Skip to content
Government NSW


Office of the NSW Building Commissioner 2 mins read

The NSW Government is seeking feedback to make the construction industry a better place to work for women, with only 13 per cent currently working in the industry and around two percent of women working in a trade role.


All sections of the community and the building and construction industry are invited to share their views through a Women in Construction survey.


Now open on the NSW Government Have Your Say website, the survey seeks to understand the barriers women face in entering, working and staying in the construction industry.


The NSW Government is working towards increasing participation of women in trade and non-traditional roles to improve the gender balance in the construction industry. This will help address critical supply and skills shortages to help deliver the demand for construction activity and housing supply in NSW.


The survey for the Office of the Building Commissioner will provide key insights into the experiences of women in the industry including job satisfaction, culture, attitudes and practices regarding recruitment and training, and reasons why they are leaving the industry.


It also seeks to understand the experience of their employers, particularly small businesses employing 20 or fewer people, and what can be done to increase participation across all roles.


The survey is open until 26 September 2023. The survey’s findings will be available on the NSW Government website in coming months.


To have your say, and to find out other ways to get involved, visit:          



Quotes to be attributed to NSW Building Commissioner David Chandler:


“This ‘Have Your Say Women in Construction’ survey is the largest of its kind in New South Wales about this shortfall.


“It will be key in outlining how we can address the construction skills shortage, which is impacting the ability to build new housing and infrastructure.


“It aims to better understand peoples’ experiences and to find ways to improve the construction industry and make it more appealing to women and men, especially in small and medium businesses that make up 80 per cent of the construction industry.


“It will help identify ways to increase the participation and retention of women and men across NSW in the construction industry, delivering the benefits of a more diverse and inclusive industry which increases innovation, improves productivity, and leads to stronger economic performance.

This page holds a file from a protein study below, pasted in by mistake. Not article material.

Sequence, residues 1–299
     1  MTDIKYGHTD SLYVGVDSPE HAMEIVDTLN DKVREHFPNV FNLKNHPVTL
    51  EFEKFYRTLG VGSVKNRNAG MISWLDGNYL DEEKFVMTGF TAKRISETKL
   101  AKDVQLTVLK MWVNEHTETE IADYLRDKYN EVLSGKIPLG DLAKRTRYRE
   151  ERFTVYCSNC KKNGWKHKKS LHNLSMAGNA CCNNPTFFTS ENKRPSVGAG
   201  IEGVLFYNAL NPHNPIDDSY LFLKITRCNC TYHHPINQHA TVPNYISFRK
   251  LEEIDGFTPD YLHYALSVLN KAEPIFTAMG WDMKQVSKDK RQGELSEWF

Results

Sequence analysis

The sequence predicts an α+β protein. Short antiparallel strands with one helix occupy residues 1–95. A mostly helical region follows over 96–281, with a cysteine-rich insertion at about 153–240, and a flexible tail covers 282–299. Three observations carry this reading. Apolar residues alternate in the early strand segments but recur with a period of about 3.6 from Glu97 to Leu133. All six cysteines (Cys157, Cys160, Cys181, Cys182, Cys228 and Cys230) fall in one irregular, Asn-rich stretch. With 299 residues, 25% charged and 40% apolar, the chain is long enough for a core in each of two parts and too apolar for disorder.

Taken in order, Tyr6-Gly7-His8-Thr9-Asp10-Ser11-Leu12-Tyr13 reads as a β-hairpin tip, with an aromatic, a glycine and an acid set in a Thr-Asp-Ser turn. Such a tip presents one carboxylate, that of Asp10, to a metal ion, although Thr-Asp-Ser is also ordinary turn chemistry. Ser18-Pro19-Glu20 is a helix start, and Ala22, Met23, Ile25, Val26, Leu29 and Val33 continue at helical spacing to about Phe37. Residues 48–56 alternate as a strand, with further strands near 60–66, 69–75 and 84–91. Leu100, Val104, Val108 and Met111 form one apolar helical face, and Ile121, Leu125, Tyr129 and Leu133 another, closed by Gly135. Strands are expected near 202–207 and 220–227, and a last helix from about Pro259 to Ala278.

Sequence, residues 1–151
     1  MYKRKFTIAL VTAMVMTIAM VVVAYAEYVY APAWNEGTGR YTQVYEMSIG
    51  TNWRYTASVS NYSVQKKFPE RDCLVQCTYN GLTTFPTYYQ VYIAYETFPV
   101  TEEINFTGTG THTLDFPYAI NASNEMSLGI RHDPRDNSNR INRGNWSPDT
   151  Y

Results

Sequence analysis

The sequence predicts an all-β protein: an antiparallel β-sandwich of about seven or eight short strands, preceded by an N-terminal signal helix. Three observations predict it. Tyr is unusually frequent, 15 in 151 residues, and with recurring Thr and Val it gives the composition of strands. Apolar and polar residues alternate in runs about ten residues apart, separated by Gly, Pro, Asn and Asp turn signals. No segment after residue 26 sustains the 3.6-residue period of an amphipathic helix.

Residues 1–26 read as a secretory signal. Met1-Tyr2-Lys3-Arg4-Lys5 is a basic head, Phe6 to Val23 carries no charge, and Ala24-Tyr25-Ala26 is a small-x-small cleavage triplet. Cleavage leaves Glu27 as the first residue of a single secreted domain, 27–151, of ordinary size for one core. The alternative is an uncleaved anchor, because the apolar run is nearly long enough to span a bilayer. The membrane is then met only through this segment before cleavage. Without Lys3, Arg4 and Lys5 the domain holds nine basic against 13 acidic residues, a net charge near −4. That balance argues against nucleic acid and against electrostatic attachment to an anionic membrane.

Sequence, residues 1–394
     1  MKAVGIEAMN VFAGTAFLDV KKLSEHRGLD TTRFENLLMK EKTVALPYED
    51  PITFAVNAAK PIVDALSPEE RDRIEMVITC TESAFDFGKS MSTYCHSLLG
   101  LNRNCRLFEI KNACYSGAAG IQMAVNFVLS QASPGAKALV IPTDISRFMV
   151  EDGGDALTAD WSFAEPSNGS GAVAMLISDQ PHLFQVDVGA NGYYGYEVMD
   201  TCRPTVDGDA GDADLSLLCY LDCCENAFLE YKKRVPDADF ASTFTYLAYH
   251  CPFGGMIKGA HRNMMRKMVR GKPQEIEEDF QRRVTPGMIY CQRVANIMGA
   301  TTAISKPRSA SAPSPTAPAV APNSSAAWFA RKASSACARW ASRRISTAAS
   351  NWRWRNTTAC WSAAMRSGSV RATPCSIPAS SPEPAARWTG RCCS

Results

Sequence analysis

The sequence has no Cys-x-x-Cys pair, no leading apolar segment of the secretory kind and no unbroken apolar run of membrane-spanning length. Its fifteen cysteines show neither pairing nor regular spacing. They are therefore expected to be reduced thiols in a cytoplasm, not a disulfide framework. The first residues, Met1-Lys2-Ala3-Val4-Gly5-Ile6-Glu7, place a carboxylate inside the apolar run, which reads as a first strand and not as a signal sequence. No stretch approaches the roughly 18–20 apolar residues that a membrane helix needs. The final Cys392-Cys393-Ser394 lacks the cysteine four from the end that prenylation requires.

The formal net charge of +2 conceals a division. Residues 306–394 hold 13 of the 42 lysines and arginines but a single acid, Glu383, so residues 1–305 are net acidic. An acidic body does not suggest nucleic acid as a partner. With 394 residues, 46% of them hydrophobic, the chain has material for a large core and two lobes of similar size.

“I encourage the community and industry to take part in this important survey. Whether you work in construction or not, your voice matters. Making the construction industry open to everyone can help bring more people into jobs and deliver the demand for construction activity and housing supply in NSW.”

Contact details:

0425 310 297

More from this category

  • Government NSW, Legal
  • 19/06/2024
  • 15:49
Law Society of NSW

NSW solicitors welcome new judicial appointments

Wednesday, 19 June 2024 NSW solicitors welcome new judicial appointments The Law Society of NSW welcomes the appointments of two richly experienced and talented…

  • Contains:
  • Government NSW, Youth
  • 19/06/2024
  • 10:33
Monash University

Monash expert: Young people left out of the NSW state budget

A Monash University expert is available to comment on the New South Wales state budget, which was delivered by Treasurer Daniel Mookhey on Tuesday. Similar to the Victorian budget last month, young people have been shortchanged on key funding announcements. Professor Lucas Walsh, Director of the Monash Centre for Youth Policy and Education PracticeContact details: +61 468 854 755 or lucas.walsh@monash.eduRead more of Professor Walsh’s commentary at Monash Lens The following can be attributed to Professor Walsh: “The good news is that regional schools will be upgraded and an additional $86.9m will extend programs for young people at risk of…

  • Government NSW
  • 19/06/2024
  • 08:46
Primary Care Business Council

PCBC calls out the NSW Budget as a bad day for General Practice

The Primary Care Business Council (PCBC) said yesterday’s NSW Budget falls far short of supporting the needs of primary care in the state. While the PCBC welcomes the retrospective amnesty to payroll tax on GPs, the group said that Government’s Bulk Billing Support Initiative will be ineffective in preserving bulk billing. “The Government’s intention of the Bulk Billing Support Initiative will not play out in reality,” PCBC Chair, Dr Ged Foley said. “The vast majority of NSW practices will still be in the crosshairs come September. The PCBC implores the NSW Government to come back to the table on the…

  • Contains:

Media Outreach made fast, easy, simple.

Feature your press release on Medianet's News Hub every time you distribute with Medianet. Pay per release or save with a subscription.